The guide book published by the local tourism council says this about Mt. Yasur:  Wilst Yasur is considered very safe and is constantly monitored, it is a live volcano.  There are no hand or safety rails.  On some occasions, generally after particularly wet seasons, the very lip of the main vent is closed to the public as lava rocks bigger than large automobiles spurt higher than the rim and may fall in unexpected places. Right. Clearly we are out of our minds to consider visiting such a place. 






We joined a few other yachties and a French backpacking couple for a bouncy 45 minute ride through the bush.  At one point on the way up the mountain our 4WD truck couldn't gain traction so we got out and walked up a steep, rutted section.  It was not quite dusk. Steam rose eerily from the side of the road while warm, moist air mixed with ash hung heavily as we trudged upward. Grandfather, as the locals call the volcano, sounded voraciously hungry, his rotund belly rumbling every few minutes. Eventually we rounded a bend to find the truck waiting for us.  It deposited us a mere 5 minute walk below the rim.



Awesome. Amazing. Unworldly. Frightening. Majestic.  Ethereal. Mystical.  Mount Yasur is truly spectacular!  He rumbles nearly constantly but when he begins to roar look out.  Or rather, up.  A concussion wave of gas precludes a huge dark, cloud of ash boiling up from the bowels of the earth which gives way to incandescent lava and burning projectiles exploding ferociously skyward.



It is the most incredible thing we have ever seen!  We were utterly agog. To be able to walk along the rim and peer over the steep lip to see two or three separate cauldrons of burning magma is absolutely astounding.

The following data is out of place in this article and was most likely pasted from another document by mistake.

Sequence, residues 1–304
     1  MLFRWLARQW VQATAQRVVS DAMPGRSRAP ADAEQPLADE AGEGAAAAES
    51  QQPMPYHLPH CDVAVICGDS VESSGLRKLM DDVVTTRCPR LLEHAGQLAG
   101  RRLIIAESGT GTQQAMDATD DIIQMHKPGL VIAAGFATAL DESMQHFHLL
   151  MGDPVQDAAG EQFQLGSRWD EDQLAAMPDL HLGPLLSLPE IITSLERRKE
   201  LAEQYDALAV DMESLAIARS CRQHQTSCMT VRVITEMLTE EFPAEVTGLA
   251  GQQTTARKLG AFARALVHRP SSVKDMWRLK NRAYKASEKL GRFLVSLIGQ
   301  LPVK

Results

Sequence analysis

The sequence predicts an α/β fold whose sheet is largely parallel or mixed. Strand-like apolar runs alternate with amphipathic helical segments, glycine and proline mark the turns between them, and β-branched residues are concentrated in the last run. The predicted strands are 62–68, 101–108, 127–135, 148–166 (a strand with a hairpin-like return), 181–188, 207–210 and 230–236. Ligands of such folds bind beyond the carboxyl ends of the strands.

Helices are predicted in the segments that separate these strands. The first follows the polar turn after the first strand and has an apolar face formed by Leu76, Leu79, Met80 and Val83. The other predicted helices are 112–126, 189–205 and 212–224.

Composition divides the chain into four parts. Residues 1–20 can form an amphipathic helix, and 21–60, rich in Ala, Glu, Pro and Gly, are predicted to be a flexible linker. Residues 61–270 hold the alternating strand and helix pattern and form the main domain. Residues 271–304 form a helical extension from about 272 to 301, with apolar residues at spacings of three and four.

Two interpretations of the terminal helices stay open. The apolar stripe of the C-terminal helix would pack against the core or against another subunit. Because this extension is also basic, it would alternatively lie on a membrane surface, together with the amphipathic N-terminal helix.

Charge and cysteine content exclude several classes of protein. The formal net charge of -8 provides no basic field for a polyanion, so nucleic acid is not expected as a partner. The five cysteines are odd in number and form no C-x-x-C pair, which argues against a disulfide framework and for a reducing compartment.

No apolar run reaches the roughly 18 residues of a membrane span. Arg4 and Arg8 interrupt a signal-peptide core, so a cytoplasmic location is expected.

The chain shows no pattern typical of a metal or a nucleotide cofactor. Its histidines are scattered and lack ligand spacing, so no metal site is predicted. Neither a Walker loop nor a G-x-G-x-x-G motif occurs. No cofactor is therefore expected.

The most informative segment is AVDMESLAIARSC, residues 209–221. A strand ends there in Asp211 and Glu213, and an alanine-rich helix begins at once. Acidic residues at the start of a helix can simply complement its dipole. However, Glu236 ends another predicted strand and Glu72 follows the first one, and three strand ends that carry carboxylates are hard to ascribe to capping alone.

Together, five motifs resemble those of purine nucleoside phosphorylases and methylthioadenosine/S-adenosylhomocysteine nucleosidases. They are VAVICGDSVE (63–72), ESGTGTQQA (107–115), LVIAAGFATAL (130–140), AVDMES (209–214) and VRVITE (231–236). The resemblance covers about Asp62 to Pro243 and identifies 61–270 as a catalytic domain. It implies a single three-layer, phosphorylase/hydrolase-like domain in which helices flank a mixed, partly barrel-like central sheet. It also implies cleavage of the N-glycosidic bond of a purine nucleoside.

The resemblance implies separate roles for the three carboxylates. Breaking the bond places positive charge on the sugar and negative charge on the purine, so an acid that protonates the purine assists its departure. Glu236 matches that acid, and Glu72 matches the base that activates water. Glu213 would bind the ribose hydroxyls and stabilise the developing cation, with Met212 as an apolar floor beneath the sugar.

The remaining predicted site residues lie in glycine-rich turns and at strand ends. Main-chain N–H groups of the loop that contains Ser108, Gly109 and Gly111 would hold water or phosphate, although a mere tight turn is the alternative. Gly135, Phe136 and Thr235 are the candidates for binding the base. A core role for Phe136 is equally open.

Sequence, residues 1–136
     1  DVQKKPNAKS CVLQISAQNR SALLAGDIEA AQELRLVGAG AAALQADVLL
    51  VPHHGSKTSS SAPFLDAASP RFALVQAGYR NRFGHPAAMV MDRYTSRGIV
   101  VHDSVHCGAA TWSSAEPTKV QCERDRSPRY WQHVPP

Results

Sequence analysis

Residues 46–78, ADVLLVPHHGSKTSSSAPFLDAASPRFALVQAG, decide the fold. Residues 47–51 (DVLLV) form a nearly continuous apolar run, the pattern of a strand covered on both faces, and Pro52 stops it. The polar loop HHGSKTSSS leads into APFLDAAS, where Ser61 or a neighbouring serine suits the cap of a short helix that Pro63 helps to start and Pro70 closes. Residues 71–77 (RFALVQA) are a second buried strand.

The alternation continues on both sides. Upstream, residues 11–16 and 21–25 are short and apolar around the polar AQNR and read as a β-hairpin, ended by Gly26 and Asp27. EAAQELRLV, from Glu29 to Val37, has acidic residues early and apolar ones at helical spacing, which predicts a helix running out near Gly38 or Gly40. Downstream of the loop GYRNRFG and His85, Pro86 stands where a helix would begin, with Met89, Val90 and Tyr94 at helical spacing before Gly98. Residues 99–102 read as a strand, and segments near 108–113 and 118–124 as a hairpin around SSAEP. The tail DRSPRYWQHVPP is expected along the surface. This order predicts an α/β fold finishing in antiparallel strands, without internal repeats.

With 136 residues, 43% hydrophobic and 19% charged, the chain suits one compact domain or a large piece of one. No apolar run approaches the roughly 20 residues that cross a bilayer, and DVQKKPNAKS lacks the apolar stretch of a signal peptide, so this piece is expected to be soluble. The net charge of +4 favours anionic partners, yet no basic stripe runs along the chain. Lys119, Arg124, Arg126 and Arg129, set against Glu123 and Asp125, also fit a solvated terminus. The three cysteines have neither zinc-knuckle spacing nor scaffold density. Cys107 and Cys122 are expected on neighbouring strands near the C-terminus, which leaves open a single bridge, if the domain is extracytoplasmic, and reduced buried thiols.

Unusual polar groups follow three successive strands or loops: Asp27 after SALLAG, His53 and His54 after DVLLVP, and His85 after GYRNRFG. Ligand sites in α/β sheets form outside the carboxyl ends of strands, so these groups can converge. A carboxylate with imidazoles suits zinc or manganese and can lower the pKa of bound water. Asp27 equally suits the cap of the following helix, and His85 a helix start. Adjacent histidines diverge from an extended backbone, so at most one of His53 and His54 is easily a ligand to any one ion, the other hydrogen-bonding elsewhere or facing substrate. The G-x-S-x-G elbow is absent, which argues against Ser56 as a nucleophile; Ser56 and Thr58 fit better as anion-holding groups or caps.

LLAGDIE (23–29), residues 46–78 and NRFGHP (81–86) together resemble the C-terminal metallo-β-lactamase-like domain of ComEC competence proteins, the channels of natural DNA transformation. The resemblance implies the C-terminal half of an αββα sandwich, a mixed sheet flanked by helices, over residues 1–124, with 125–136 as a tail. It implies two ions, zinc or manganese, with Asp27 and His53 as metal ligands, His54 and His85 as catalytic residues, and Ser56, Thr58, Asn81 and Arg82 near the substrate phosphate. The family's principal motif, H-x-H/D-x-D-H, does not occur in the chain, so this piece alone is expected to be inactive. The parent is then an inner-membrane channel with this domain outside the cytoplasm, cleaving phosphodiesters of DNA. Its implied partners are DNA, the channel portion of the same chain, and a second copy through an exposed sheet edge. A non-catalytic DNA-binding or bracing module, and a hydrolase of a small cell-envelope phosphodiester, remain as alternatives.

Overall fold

As the sun set, Mt. Yasur's natural fireworks show grew even more intense.  Clouds obscured the light of the moon and their moisture captured and held the red glow of eruptions.  Once the sky was completely black we were completely mesmerized.  Each blast is different in intensity which adds to the nervous excitement.

Click here to see video of eruptions



Levels of activity range from 0-4. 0 is low activity, 1 is normal activity and access right up to the crater rim is allowed.  2 is moderate to high activity where lava bombs may blast past the rim.  Access to the rim is closed and you must view from the parking lot.  3 signals severe activity, lava bombs are ejected up to hundreds of meters above and beyond the rim. That happened as recently as 2 months ago.  The summit zone is closed.  4 means a major eruption.  All access is closed.  Anchored in Pt. Resolution is not a good place to be!



Visiting the volcano is the main reason yachties stop in Tanna. That, and to clear into the country. Trips to the volcano are arranged through Stanley.   The driver's fee is reasonable but it is not cheap to enter the park in which Mt. Yasur lies.  In all, it costs about 5,000 vatu ($60) per person for transport and admission.  But, you are delivered to within 150 meters of the rim of a very active volcano!

We did not balk at paying the entrance fee. It is one of the few ways the people of Tanna can collect money.  The Entawi Company is comprised of representatives from each region of the island and administers the money which is all kept on Tanna.  The money is used for emergencies such as to get food and supplies delivered from Pt. Vila and to help people rebuild after cyclones. 

Wear warm clothes if you visit the volcano as it gets quite chilly up on the rim once the sun goes down. Ash gets everywhere so if you have a good camera you may want to use your rain protector.


Go to September 2011 Part Five - Market Day


Photo Gallery: Vanuatu People

Photo Gallery: Vanuatu Children